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September 17, 2009

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Julie  Mihalisin

I'm wondering whether the creation of such language is adding to an intellectual, generational and cultural divisiveness that is already prevalent in our society. Can we design tools that serve as bridges? Using the web for social change is a powerful concept, particularly if we can broaden the audience. This is a fascinating topic.

Christopher Allen

I've not really thought of Shared Language in the context of divisiveness — Shared Language tends to be a function of small groups. Thus I more think of the divisiveness is coming from the fact that Shared Language typically evolves naturally in a small group, but fails to evolve naturally in larger groups. Possibly a better understanding of how Shared Language and tools to facilitate it like Shared Artifacts function will make it easier for larger groups to grow a Shared Language together.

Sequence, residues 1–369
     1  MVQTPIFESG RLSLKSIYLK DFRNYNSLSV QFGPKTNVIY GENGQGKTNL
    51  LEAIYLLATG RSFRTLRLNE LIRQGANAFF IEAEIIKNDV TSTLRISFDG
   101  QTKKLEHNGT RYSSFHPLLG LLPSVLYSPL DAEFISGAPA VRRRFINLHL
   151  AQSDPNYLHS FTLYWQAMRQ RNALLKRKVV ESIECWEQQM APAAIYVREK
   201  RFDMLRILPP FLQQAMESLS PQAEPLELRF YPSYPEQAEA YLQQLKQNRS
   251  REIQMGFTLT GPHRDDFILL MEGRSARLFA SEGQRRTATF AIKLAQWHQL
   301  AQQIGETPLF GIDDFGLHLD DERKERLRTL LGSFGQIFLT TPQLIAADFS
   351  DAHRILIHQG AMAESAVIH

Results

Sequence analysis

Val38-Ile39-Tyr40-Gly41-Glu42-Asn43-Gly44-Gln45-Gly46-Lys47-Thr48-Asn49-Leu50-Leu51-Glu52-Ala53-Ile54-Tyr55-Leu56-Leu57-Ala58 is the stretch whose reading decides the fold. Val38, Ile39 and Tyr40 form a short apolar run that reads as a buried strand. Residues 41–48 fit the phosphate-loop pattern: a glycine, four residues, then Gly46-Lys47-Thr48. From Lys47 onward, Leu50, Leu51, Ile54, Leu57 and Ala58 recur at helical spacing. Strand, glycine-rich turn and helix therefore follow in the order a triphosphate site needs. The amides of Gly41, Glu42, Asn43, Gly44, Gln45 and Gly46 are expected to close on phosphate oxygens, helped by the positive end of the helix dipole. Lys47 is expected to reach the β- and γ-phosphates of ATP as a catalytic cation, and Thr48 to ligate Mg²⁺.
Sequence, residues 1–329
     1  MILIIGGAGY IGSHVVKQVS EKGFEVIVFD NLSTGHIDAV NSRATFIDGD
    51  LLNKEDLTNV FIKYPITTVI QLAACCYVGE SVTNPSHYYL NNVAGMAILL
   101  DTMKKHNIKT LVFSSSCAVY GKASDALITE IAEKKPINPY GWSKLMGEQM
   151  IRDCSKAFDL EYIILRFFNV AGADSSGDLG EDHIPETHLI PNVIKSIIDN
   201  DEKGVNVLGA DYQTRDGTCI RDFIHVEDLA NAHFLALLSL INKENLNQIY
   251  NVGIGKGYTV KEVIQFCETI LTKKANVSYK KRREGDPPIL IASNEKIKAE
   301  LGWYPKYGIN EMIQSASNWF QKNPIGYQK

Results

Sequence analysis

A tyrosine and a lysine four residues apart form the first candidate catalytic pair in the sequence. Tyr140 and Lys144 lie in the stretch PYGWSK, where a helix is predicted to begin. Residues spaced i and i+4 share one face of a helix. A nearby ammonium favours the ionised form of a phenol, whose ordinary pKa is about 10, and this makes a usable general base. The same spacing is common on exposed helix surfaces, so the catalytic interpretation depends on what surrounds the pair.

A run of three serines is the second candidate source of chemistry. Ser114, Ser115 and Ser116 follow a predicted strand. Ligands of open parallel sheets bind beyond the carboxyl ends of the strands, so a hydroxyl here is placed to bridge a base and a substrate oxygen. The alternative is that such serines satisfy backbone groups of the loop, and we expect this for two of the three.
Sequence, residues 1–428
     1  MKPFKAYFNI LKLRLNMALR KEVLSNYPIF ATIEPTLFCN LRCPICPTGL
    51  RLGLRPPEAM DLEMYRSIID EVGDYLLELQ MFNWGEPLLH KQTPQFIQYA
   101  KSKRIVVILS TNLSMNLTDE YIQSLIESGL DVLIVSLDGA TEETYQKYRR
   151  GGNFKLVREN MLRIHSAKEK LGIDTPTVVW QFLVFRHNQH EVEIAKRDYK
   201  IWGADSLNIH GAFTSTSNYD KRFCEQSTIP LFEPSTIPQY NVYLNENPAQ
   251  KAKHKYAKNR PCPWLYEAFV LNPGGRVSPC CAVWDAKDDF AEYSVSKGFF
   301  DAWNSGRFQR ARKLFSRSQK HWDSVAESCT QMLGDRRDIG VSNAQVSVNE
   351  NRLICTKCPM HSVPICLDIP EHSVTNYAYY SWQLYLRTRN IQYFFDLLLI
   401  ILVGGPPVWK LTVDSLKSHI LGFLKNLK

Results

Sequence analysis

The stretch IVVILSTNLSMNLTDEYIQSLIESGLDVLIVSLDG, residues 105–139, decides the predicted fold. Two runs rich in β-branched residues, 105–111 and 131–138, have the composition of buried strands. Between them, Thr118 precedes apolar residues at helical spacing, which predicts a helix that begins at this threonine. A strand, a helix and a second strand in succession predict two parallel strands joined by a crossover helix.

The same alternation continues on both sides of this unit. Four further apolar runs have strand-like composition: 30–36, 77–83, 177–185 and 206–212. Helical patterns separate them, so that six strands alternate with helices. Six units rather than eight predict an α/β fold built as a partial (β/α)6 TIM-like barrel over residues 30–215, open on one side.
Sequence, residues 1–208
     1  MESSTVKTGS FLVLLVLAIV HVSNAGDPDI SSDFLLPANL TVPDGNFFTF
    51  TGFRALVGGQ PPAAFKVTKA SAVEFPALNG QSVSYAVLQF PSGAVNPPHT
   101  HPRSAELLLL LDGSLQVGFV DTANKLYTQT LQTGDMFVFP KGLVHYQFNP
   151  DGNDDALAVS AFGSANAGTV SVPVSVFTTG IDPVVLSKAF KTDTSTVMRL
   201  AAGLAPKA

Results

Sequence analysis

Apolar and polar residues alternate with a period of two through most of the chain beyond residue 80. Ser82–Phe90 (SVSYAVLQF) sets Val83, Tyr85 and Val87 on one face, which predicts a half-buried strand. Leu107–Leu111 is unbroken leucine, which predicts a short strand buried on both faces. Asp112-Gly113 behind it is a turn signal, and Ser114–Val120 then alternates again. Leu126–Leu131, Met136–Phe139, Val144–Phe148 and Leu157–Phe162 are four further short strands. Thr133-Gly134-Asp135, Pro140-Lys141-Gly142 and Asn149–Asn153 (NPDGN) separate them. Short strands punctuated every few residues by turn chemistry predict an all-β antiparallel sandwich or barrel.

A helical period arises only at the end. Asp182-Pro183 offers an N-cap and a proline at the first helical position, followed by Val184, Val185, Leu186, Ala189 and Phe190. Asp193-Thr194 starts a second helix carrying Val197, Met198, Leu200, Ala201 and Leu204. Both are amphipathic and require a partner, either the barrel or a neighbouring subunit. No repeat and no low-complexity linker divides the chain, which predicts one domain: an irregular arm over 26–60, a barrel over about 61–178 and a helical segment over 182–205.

Dave Carter

Shared artifacts are also known as models; the best form of understanding of business that I have found yet is when you develop simulators with practitioners. The quality of the the output is only surpassed by the shared understanding created through healthy challenge to the way things actually work.

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